BY WATCHING ADAMS STAFF – 10/24/16
Adams State University (ASU) recently held a campus equity retreat on the property of Board of Trustees Chair Arnold Salazar and paid his private company $12,700 to do so. In a signed agreement between Salazar and ASU Vice President of Administration and Finance Kurt Cary, ASU agreed to pay for the use of Salazar’s Jack Farms Event Center (doing business as La Manzanilla Farm). View the Official Functions Request and Agreement here.
According to documents obtained by Watching Adams, Salazar’s location was used for a five day retreat in August 2016 called Unidos Equity Leadership Institute, holding sessions focusing on “Classism/Privilege, Racism, Gender, LGBTQAI,” and “Dealing with Educational Change and Taking It Back.”
Jack Farms provided the use of the space for about $2,035 per day plus a $500 charge for the use of 11 tables and 50 chairs. This also included the lodging of 2 guests, however all catering services were hired separately. Since 2012, this is the first time ASU has paid for the use of Salazar’s property. Salazar was named a Trustee in 2010 and became Board Chair in 2013.
One ASU employee asked, “Salazar himself signed the contract? How is this ethical? The general handbook just specifically addressed conflicts of interest. How is this not? Was there nowhere else to hold this event?”
Another ASU employee responded, “Clearly, it’s a huge conflict of interest. Wasn’t it our president that recently said that we need to make better use of our own facilities?”
Stephen Mumme, Co-President of the Colorado Association of American University Professors (AAUP), reviewed these documents and said, “As a matter of practice, procuring paid service from board members is unethical unless there should be a highly compelling argument to the contrary. If the facility was the only such facility within a 30 mile radius perhaps it might be justified. But I see no reason to suppose this is should be the case in Alamosa.”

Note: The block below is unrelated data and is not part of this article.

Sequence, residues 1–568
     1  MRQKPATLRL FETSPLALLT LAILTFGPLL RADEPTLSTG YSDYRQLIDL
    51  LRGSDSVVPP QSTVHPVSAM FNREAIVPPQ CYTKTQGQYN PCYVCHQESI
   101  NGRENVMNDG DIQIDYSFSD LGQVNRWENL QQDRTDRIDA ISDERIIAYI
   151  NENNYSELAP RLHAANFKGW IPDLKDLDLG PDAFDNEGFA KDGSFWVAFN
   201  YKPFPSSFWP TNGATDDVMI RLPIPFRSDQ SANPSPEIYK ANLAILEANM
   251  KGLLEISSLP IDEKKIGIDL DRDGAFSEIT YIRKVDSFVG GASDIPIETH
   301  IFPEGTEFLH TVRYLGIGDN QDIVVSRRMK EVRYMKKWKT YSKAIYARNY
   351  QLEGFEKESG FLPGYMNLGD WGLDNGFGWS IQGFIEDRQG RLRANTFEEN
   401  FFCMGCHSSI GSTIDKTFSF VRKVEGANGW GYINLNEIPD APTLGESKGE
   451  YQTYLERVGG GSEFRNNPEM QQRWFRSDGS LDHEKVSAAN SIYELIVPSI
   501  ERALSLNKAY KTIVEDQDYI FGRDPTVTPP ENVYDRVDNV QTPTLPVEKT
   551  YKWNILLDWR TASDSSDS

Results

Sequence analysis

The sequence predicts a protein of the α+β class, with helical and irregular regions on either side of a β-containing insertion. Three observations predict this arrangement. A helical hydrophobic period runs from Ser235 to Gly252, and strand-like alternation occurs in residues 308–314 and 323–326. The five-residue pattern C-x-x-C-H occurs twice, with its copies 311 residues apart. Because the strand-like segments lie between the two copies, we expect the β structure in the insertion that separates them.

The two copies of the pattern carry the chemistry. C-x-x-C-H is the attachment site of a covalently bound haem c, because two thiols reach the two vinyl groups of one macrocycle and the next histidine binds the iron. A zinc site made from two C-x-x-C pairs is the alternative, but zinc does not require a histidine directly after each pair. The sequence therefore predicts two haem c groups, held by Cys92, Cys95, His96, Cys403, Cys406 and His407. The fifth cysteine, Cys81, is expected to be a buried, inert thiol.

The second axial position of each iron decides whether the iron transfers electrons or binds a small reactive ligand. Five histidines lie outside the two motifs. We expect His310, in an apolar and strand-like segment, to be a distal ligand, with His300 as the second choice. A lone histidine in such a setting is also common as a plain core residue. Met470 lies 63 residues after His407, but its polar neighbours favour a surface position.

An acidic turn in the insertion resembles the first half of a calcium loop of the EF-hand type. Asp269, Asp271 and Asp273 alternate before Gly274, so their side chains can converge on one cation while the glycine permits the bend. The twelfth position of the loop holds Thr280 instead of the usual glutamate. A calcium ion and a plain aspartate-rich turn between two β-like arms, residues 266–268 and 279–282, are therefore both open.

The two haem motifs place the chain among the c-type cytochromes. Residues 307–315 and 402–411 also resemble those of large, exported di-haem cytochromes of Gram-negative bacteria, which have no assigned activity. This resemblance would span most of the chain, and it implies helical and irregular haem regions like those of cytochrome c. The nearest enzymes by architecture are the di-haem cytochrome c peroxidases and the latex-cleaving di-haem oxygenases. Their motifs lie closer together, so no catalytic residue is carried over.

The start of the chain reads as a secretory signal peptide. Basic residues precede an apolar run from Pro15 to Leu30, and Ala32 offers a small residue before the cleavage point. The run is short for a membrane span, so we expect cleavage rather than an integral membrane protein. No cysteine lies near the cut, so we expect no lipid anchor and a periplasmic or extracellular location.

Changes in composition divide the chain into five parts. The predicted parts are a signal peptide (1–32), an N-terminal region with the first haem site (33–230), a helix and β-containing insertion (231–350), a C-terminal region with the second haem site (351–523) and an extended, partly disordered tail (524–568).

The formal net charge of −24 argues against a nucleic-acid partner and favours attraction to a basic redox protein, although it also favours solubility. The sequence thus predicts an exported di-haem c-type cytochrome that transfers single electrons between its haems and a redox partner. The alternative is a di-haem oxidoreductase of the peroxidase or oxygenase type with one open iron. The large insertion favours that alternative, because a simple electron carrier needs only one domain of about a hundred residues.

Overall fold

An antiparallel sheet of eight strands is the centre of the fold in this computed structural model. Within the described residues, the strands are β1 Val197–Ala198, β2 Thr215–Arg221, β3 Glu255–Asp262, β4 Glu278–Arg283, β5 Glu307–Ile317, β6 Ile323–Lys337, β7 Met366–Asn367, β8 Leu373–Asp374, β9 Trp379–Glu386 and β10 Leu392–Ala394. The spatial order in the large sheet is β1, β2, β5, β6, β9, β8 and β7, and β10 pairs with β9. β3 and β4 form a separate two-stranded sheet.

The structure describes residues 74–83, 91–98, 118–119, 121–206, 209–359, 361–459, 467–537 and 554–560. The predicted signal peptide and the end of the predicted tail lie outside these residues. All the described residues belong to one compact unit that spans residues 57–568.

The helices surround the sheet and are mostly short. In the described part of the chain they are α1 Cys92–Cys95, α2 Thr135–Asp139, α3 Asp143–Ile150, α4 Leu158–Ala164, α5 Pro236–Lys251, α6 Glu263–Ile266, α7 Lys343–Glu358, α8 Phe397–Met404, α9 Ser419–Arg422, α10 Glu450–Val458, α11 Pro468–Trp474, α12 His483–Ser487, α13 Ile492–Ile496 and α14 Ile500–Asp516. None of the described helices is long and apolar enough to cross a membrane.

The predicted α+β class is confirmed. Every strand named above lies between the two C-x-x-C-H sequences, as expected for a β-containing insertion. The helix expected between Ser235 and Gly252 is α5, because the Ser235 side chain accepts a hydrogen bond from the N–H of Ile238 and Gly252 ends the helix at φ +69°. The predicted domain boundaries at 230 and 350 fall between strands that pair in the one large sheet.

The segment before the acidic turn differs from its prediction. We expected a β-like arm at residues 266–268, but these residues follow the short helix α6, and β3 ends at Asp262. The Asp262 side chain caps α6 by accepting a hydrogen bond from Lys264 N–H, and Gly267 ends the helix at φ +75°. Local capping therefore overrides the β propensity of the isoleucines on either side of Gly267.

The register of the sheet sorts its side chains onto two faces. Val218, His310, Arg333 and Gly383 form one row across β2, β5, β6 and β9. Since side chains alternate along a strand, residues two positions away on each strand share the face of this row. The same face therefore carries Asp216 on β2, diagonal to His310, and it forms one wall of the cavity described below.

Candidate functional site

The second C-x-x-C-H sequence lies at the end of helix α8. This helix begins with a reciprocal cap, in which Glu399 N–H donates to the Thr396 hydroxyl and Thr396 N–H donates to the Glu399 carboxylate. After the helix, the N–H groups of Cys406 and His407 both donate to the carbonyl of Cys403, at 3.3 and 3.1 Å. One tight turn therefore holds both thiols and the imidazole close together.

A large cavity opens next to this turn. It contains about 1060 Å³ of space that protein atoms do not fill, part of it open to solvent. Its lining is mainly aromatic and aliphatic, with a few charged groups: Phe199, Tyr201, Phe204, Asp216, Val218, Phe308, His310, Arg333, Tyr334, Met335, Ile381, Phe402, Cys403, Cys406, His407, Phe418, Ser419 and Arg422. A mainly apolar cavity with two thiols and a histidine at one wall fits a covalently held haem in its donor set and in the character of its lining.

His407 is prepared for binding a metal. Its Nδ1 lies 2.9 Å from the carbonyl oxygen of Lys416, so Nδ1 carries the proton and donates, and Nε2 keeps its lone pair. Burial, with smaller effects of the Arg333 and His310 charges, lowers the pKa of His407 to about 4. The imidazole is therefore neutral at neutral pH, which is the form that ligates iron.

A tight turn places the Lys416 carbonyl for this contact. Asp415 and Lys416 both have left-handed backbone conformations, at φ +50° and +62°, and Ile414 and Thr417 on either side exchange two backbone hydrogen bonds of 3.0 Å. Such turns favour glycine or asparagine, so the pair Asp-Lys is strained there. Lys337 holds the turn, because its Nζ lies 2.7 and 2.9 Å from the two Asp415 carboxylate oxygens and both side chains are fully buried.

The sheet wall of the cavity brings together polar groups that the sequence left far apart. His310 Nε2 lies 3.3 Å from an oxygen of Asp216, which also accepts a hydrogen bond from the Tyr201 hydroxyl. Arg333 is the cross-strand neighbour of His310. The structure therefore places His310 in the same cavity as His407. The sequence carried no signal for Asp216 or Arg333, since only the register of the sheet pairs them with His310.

Many similar venues are available for retreats throughout the greater Alamosa area and in the southern Colorado region – including hotels with conference space as well as historic ranches and farms. Similar ASU retreats have previously been held in Del Norte and San Luis, Colorado and in Taos, New Mexico. In researching this story, Watching Adams obtained rough estimates of $900 to $1200 per day for the use of these venues as conference locations, about half the daily cost of Salazar’s Jack Farms Event Center.
An individual who has spent a career managing in the nonprofit sector remarked, “As a public servant for nearly 20 years, I find this business arrangement somewhat troubling. Boards of directors – or trustees in this case – are responsible for the effective fiduciary oversight of the public organizations for which they have been entrusted. Conducting private business with that public entity, while having responsibility for its financial oversight, provides fertile ground for all types of misdeeds. Public officials are entrusted to ensure the proper use of taxpayer dollars, not profit from them. One must wonder what other deals have enabled ASU Trustees to profit, all the while knowing the poor fiscal state of the institution.”
A former ASU employee stated, “What I find upsetting about this unethical transaction is that Chairman Salazar knows full well the ongoing fiscal problems of the institution and yet still stuck ASU with the bill. Why not donate these services, minus the stated $500 cost of providing the furnishings? It’s bad enough that a Board of Trustees member is profiting off the university they are entrusted to oversee. It’s even more disturbing that the Chairman of the Board is doing so even as the university is struggling to balance its budget.”